A New York financial institution had offered Pollard a job after his recent release from prison following 30 years in jail.

However, the parole’s conditions require Pollard to remain under house arrest 12 hours a day, from 7 in the evening until 7 in the morning, preventing him from attending synagogue on the eve of Shabbat and Jewish holidays.

Attorney Jacques Semmelman, acting on behalf of Pollard, previously has filed a brief stating that he cannot find work because he is required to wear a GPS bracelet, which needs re-charring at least once and sometimes twice within 24 hours.

Moreover, he has to remain seated for two hours while the battery for the monitoring system is being re-charged.

His parole conditions also require him to violate the Shabbat by answering the phone if his probation officer calls on the Day of Rest.

Turning on the electricity on Shabbat for the re-charging system is a violation of Jewish law, and even if he uses a “Shabbos clock,” he cannot move from his seat for two hours.

Rabbi Pesach Lerner, executive of the National Council of Young Israel, told the court in an affidavit that when there is a two-day Jewish holiday, which occurs four times day and sometimes if it immediately followed by Shabbat, it would cause more violations of Jewish law.

Rabbi Lerner, according to HaModia, also pointed out that the parole conditions disturb the meaning of Shabbat. He explained:

Lest anyone think the Sabbath is merely a collection of prohibitions, that is not the case at all. The Sabbath is a special day which, if properly observed, provides spiritual respite and growth.

 

Tzvi Ben-Gedalyahu

New Rabbinic Ruling Forbids Correcting Torah Reader’s Mistakes in Synagogue

Monday, July 20th, 2015

(JNi.media) According to a reasoned ruling by Rabbi Jonathan Raziel from Ma’ale Adumim, Israel, it is forbidden to correct mistakes made by the reader of the Torah during the reading, even if he mispronounces a word or a phrase, because “reading the Torah on Shabbat and during the week is a rabbinic law,” while the ban on shaming the reader is a Torah prohibition.

The mitzvot (commandments) are divided into those that are delineated directly from the Torah text, and those imposed by the rabbis over the generations. Both are considered part of the Oral Torah, and both are taught through the interpretation of the rabbis, however the mitzvot that are spelled out by the Torah have a higher value, and in cases of a conflict between a Torah-level mitzvah and a rabbinic one, the Torah-level mitzvah supersedes.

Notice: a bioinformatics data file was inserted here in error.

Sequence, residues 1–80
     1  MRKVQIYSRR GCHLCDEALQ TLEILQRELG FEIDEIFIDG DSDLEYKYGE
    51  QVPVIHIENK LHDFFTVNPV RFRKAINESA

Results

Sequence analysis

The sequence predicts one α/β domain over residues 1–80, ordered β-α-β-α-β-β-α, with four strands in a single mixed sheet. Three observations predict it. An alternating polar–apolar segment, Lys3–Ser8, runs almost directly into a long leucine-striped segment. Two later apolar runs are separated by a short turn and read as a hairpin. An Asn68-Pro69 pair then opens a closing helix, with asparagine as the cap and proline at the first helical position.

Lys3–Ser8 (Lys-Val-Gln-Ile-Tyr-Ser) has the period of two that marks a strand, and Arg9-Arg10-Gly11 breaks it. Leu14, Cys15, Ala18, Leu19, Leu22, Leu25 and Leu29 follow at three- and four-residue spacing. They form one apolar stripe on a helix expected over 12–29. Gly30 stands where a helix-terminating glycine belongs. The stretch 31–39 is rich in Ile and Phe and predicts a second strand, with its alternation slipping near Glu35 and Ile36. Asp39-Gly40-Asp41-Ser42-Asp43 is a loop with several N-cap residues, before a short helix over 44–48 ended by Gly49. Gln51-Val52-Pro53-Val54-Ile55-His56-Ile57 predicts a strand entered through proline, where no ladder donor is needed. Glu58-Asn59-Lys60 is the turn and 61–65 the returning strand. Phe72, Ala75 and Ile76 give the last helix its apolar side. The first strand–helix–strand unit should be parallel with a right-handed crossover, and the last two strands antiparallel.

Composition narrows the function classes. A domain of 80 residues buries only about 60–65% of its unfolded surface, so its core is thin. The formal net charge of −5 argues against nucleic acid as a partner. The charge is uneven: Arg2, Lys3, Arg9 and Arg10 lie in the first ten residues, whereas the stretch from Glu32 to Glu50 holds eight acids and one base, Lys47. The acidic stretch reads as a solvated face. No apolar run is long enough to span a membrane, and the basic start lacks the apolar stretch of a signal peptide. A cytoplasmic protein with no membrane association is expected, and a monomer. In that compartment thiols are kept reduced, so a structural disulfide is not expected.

The process of reading from the Torah scroll in most synagogues is monitored strictly by the worshipers, because the mitzvah is, literally, to hear the Torah—reading the text silently doesn’t do the trick, and neither does reading it aloud from a printed book. When the reader makes a mistake in pronunciation, skips a word or adds one, it is customary to correct him immediately, and loudly, at which point the reader may go back to the beginning of the verse and read it aloud once more, in the correct way.

Rabbi Raziel, writing in the latest volume of the prestigious halachic journal Techumin, published by the modern-Orthodox Tzomet Institute, presented a view that offered to give up the tradition of correcting the reader.

“This article was born as a result of an unfortunate event that took place a few years ago,” Rabbi Raziel wrote in the introduction to his piece, “when a secular, fatherless boy who had come closer to the Torah and the mitzvot, went up to the Torah at age 15 and read from it. The corrections emanated from the crowd, some tried to silence them, and as a result of the turmoil and confusion, the boy’s feelings were hurt and he left halfway through the reading, with tears in his eyes. He wouldn’t come back to read and eventually left religious practice altogether.”

Rabbi Raziel noted that “in our generation there are often cases of children who do not observe the Torah and mitzvot, who come to the synagogue on their Bar Mitzvah to read from the Torah, even though they don’t always know how to read properly. Such a seminal and emotional event in the life of the child can be harmed by loud corrections from the audience, and therefore we should discuss the question of whether or not there is a need to correct the reader.”

Rabbi Raziel argues that “most authorities believe that the reading of the Torah, even on a Saturday morning, is a rabbinic commandment, and even those who believe it is a Torah-level commandment, concede that it refers to the minimal reading obligation and not the entire weekly portion. Also, all the authorities that the mitzvah or Torah reading on weekday mornings and Shabbat afternoon is rabbinic.”

In any event, even in a synagogue where the public insists on correcting Torah reading errors, Rabbi Raziel believes that “It is absolutely forbidden for individuals from the audience to howl at the reader, so as not to shame him, but they should instead appoint one official to do it.”

He also stressed that “extra care must be taken when the reader is a young person, who is more vulnerable than an adult, because of the possible consequences of a perceived insult.”

Rabbi Nahum Eliezer Rabinowitz, dean of Birkat Moshe Yeshiva in Ma’aleh Adumim, supported Rabbi Raziel’s opinion, saying, “the prohibition against shaming a person, which is Torah-level, supersedes the obligation to read the Torah aloud, which is rabbinic.”

Rabbi Rabinowitz conceded that, according to Maimonides, “the worshipers might not fulfill the commandment of hearing the Torah” if there is a mistake in the reading, but believes it is “better that the worshipers not fulfill their obligation of hearing the reading, than transgress the Prohibition against shaming an individual.”

JNi.Media

Taanit Esther – The Happy Fast

Wednesday, March 4th, 2015

Please note: The video is not from this year in terms of the specific days the rabbi mentions, but the rest of the content is obviously relevant.

Video of the Day

The Beis Yaakov Feminist Experience

Sunday, August 24th, 2014